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A Peak In Wheat? Negative Divergences Suggest A Turn In Early October

10/09/07 09:03:40 AM
by David Penn

After a year and a half of soaring wheat prices, is the MACD histogram hinting at reversal?

Security:   WZ7
Position:   N/A

The rally in wheat futures has been as impressive as any in the commodity markets in recent times. The last time I took a look at wheat futures for Advantage was back in early August, when I wrote that a consolidation pattern looked likely to take what were then high wheat prices even higher ("The Wheat Diamond," August 8, 2007).

Then, I was looking at the September contract, trading at approximately $6.80. Since that time, wheat futures have only continued to climb, closing as high as $9.52-1/2 by earliest October (basis December futures).

FIGURE 1: WHEAT, DECEMBER FUTURES, DAILY. Negative divergences in both the MACD histogram and the stochastic helped traders anticipate a significant loss of momentum as wheat futures climbed higher into October.
Graphic provided by: Prophet Financial, Inc.
The movement into October was accompanied by not one but two negative divergences: one in the stochastic and one in the moving average convergence/divergence (MACD) histogram. Recall that negative divergences occur when markets make new highs, yet key oscillators like the stochastic, the MACD histogram, or the TRIX fail to confirm them with new highs of their own.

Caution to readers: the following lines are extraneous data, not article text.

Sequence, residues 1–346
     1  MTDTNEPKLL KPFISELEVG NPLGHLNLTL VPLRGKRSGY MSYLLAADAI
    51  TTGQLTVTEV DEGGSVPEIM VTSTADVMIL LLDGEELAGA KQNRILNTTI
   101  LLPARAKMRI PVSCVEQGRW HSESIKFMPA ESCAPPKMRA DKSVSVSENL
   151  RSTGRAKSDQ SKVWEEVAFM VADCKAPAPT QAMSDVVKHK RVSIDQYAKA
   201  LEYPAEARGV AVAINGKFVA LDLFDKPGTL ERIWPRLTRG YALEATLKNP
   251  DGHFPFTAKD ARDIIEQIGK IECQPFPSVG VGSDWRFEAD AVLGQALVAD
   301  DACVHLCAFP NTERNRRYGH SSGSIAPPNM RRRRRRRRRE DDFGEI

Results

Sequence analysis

The negative divergences in December wheat were classic (Figure 1). A price high in the first half of September was followed by a higher market price in early October. Yet in both instances, the MACD histogram and the stochastic were lower in October than in September. These negative divergences meant the momentum to the upside was waning in December wheat.

It is important to note that these negative divergences become sell signals only when prices show the ability to move lower, not just the ability to "stop moving higher." What I like to do is use the session during which the MACD histogram retreats (from "M" to "m") or the stochastic hooks downward. This session is the "point" session. If the market closes beneath the low of this point session, then the negative divergence(s) are suitable for trading to the short side. If this follow-through does not occur, then I sit the opportunity out.

In this case we can see that our "point" session was on October 2. Although the stochastic hooked down a few days earlier, it was not confirmed by the MACD histogram until October 2. A short trade would be reasonable with a close below the low of October 2 — approximately $9.22-1/2. This close came two sessions later with a closing — and short entry — price of $9.06 on October 4.

As of this writing, December wheat most recent close was at $8.60. That 46-cent difference was worth approximately $2,300 per contract.

David Penn

Technical Writer for Technical Analysis of STOCKS & COMMODITIES magazine,, and Advantage.

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